If you are old enough to remember MacGyver, the first thing that comes to mind is his amazing ability to fashion new devices from just about anything. (Okay, maybe the amazing hair is the first thing that comes to mind, but that device thing is a very close second.) It's this ability that made the character of MacGyver a television legend.
At the core of every conflict was MacGyver's ability to use his creativity to solve a problem. Really, the guy could make a detonation device from a shoelace, some nail polish, and a can of green beans. One of the points I talk about a lot on this blog being able see everyday objects in a new way. MacGyver had an innate ability to see those everyday objects and create new relationships between with them.
What Would MacGyver Do?
As writers, relationships are the foundation upon which everything we write is build. Because characters exist in real world scenarios, the potential for the unexpected relationship exists in every environment in which a story is taking place.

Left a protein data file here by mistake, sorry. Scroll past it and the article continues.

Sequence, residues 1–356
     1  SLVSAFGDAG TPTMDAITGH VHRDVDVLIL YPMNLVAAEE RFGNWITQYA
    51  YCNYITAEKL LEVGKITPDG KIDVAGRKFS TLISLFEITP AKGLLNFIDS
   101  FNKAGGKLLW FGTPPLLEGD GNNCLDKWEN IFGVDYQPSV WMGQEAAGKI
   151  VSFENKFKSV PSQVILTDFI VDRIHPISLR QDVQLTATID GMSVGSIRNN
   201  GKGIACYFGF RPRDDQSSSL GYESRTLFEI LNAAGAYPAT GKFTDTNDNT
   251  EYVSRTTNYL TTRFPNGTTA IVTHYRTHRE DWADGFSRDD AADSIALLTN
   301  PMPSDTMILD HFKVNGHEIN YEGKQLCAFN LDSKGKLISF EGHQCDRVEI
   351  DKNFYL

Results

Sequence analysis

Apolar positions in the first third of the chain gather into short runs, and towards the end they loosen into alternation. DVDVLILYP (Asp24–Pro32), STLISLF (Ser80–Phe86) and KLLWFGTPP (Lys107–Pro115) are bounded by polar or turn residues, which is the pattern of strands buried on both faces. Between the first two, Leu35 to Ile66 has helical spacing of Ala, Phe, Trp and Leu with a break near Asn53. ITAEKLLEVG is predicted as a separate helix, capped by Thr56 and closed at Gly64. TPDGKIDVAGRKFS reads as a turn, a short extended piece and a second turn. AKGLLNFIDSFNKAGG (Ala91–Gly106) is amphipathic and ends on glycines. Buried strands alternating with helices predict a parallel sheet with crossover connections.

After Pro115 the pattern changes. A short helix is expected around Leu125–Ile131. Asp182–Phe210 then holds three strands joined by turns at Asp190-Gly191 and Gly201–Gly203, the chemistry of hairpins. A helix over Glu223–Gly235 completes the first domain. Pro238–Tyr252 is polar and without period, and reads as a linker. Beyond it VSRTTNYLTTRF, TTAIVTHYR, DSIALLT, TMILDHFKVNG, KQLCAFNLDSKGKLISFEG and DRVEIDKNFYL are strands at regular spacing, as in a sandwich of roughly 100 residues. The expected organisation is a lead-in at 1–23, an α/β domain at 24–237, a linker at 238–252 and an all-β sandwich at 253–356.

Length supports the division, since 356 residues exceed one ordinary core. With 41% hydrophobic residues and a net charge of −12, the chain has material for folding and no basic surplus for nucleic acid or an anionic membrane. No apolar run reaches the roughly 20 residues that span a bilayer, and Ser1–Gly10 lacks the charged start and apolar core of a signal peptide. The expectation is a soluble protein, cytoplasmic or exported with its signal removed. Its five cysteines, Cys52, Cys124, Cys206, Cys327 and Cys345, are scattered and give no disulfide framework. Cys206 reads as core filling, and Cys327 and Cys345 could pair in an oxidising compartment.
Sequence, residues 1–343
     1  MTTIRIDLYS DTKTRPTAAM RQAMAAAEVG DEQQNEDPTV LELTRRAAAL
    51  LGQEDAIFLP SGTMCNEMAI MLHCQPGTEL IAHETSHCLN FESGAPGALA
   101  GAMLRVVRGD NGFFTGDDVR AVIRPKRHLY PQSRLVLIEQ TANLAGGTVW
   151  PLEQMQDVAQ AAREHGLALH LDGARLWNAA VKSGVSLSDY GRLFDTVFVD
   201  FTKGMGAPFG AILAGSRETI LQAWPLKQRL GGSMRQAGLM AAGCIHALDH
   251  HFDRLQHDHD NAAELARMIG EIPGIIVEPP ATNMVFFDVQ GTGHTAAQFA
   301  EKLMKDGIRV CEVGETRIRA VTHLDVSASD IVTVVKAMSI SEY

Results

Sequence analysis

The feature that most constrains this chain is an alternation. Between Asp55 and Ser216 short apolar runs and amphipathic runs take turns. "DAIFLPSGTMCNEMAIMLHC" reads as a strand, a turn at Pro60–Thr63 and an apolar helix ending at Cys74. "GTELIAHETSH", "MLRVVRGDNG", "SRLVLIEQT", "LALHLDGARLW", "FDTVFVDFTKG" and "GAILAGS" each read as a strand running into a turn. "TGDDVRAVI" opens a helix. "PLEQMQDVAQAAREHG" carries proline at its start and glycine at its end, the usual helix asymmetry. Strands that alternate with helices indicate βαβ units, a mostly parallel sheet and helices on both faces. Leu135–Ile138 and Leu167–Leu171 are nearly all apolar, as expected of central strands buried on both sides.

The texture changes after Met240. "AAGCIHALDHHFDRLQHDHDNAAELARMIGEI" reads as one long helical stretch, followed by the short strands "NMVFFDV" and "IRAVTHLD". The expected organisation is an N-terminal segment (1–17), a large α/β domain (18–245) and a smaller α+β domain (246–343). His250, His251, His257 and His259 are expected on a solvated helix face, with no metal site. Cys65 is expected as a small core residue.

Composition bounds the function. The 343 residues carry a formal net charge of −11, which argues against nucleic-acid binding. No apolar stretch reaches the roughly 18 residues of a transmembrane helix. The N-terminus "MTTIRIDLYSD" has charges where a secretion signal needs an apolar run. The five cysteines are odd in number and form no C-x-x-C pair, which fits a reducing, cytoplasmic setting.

If you were given seemingly unrelated items, could you fashion a coherent narrative from them? For instance, what would you do with a firefighter, a case of candy canes, and an impending tornado? Could you create a story from these three elements? I bet you could. And what's more is that the story I create from those three elements would be very different from the story that Kimberly might. And those would both be very different from the one that Kathryn would create.
This is the difference that is established by the inner creativity we bring to each relationships. Going beyond our normal patterns of perception and looking for relationships in everything is the first step in tapping creativity. And it doesn't matter if you are a writer, musician, painter, interior decorator, or programmer. It's when you find new meaning in relationships that your creativity flourishes.
Next time you find yourself in a creative rut, ask yourself: What Would MacGyver Do?